Jim Grant's Tech Tips
Chevy Lumina, Stalling Problem
Q: I have a Ď90 Chevy Lumina with 100,000
miles, auto tranny. I drive it for about 30 miles and it will then stall
when I come to a stop sign. It will restart, but when I drop it into drive,
it just dies. I let it sit for about 5 minutes and then I can restart
and drive. However, after another 10-15 miles it dies again when I come
to a stop. It restarts and dies once again when I drop it into drive.
Please help this single mom who needs a dependable car. Thanks.
Mom it sounds as if you have the classic sticking lock-up torque converter
solenoid problem. Your vehicle, like most with automatic transmissions
today, has the ability to lock-up the torque converter. Of course the
next question is what is a torque converter? The torque converter is the
device that allows you, with the engine running, to select a reverse or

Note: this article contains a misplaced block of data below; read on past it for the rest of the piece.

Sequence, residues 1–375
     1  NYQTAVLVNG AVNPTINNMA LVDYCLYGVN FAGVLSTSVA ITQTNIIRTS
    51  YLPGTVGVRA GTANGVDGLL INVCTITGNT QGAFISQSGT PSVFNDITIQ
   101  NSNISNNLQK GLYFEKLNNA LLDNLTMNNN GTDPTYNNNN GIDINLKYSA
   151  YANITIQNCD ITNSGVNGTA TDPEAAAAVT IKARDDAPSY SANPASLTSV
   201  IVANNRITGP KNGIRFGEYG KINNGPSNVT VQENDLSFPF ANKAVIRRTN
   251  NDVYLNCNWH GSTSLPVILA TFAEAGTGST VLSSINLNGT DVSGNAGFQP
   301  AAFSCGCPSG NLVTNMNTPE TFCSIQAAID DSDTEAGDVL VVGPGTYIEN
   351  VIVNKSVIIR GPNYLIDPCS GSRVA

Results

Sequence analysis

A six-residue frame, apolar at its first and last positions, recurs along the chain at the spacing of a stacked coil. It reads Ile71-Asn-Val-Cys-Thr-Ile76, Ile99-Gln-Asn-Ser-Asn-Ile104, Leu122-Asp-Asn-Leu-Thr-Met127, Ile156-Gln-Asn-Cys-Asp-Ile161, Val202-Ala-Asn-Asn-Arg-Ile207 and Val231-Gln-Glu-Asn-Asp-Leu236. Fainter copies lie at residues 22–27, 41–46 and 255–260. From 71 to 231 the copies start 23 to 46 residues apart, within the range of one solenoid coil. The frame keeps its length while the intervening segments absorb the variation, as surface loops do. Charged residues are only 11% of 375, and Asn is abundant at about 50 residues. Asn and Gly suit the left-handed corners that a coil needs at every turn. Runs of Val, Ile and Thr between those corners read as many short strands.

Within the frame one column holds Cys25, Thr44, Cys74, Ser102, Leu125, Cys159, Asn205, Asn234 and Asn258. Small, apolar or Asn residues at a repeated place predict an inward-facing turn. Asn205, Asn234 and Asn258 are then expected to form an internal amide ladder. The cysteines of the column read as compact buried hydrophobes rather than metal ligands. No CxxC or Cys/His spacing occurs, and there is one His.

forward gear without the vehicle moving or stalling (when working right).
Then when you accelerate the engine, the transmission fluid in the torque
converter transfers the energy from the engine to the transmission. No
parts are touching, itís just the moving oil that causes the vehicle to
It doesnít take a rock hunter to realize that the engine will always be
spinning faster than the transmission to make the vehicle go. This is
not too fuel inefficient at highway speed. So to get better gas mileage
the inside parts that donít touch in a torque converter are locked together.
Thus the name lock-up torque converter.
The lock-up of the converter is a computer based decision; "Yes a computer
has to get into the act". The computer commands an electric solenoid in
the transmission to lock-up or unlock the converter. The problem we see
is with that solenoid, it sticks! When it sticks and youíre coming to
a stop, the engine will start jerking and stall. The engine will start
right up, but the moment you put it back in gear it will stall again.
Let things set for a moment and off you go like nothing ever happened,
To prove that the solenoid is the culprit it can be disconnected electrically
and the vehicle can be driven to see if the condition reoccurs. Youíll
note a drop in gas mileage during this time. Replacing the lock-up solenoid
is not a difficult or costly job and is the likely cure to your stalling